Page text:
O’Brien waited for the night to fall, when the darkness winds itself inside you and start to hear and see things that aren’t really there. He and Azar had set up ropes and wires connected to noisemakers. Every few minutes they would pull on one to try and startle Jorgensen. Slowly they increased the frequency and level of the noises, then took a break to let the tension subside. At three AM they returned a lit a series of trip flares outside the compound that had Jorgensen diving behind his sandbags. At that point, O’Brien was satisfied and wanted to call it off. Azar, however, was just getting started. He criticized O’Brien for being a has-been, whereas Azar loved the game, the thrill of Vietnam. As O’Brien watches Azar continue the prank he starts to have flashbacks about getting shot. Azar lobbed a few smoke grenades and brought out the white sandbag on a pulley that O’Brien had rigged up. Jorgensen fired a round into the sandbag, much to Azar’s delight. Azar continued to light up flares while Jorgensen trembled on the ground, until finally Jorgensen figured out what was happening and yelled out “O’Brien!” Once he realized the joke was over, Azar kicked O’Brien in the head, muttered what a sorry case he was, and walked away.
As Jorgensen stitched up O’Brien’s head, he talked about how convincing the prank had been, saying that he should work on a movie set. For a moment O’Brien feels closer to him than he does to Alpha company. He suggests to Jorgensen that they ‘kill’ Azar, and Jorgensen replies it would be fun to scare him good. “Sure,” O’Brien responds, “Or just kill him”.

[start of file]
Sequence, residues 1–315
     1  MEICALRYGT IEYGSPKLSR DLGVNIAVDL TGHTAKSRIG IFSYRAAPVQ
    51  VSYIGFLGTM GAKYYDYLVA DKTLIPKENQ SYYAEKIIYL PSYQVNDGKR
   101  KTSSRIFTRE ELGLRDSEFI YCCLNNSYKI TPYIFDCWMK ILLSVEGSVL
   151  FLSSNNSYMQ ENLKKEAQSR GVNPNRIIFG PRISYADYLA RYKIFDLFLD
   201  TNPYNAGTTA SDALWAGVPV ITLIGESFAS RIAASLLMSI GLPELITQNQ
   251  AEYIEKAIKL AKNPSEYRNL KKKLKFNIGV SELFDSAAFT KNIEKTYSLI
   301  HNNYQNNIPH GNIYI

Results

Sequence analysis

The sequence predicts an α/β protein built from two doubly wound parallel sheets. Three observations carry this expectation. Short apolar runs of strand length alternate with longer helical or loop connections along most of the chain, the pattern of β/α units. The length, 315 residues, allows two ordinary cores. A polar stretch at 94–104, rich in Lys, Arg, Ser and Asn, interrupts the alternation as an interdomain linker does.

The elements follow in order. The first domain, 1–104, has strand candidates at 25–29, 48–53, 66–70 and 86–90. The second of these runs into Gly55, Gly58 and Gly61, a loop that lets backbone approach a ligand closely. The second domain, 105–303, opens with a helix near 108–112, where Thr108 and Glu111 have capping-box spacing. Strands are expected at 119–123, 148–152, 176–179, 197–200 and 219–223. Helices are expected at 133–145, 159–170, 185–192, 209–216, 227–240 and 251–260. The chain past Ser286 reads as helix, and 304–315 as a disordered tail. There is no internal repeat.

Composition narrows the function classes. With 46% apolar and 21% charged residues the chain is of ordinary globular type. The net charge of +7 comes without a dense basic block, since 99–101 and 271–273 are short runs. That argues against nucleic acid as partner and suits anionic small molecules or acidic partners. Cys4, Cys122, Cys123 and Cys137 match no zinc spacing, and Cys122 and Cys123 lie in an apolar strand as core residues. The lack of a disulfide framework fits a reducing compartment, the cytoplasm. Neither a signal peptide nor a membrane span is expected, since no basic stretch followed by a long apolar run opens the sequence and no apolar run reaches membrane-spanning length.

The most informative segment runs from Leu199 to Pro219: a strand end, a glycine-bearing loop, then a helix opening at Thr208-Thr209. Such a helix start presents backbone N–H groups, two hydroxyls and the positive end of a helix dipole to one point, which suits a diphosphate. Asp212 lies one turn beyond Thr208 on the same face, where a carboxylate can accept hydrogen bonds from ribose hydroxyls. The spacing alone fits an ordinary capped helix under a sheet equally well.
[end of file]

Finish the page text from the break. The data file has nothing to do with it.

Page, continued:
The war may have deprived O’Brien of many things, but it also gives him a sense of camaraderie deeper than anything he’s ever known. When he’s shot the second time and has to be transferred down to the base because the medic bungles the patch job, he’s deprived of the one meaningful thing in his life - the companionship of Alpha Company. This is what fuels his hate of Jorgensen more than anything. He misses the close relationships he developed out in the boonies. After Jorgensen tries to apologize for screwing up the treatment of O’Brien’s wound, the hate over that incident dies away - but it is quickly replaced. O’Brien almost call off the prank, but when he sees Jorgensen eating with his old platoon, a new animosity swells within him. He feels as though Jorgensen has replaced him in the platoon, which helps him commit to going through with the joke.
This quest for retribution, which is really just a search for companionship, causes O’Brien to make an unholy alliance. He enlists the help of Azar, who he detests. As they begin to enact the prank, O’Brien feels the thrill of the hunt and realizes how much he misses the action. The war has changed him; he almost enjoys the fear and the rush of adrenaline that accompanies it. For a moment he feels close to Azar, but that changes the instant he decides enough is enough. Azar cares nothing for O’Brien, he loves the kill and doesn’t plan on stopping until he gets it. O’Brien undertakes the practical joke out of a need to feel camaraderie. Instead, it causes him feeling more isolated. In a moment of irony, O’Brien actually feels closer to Jorgensen while getting stitched up than he ever did with Azar.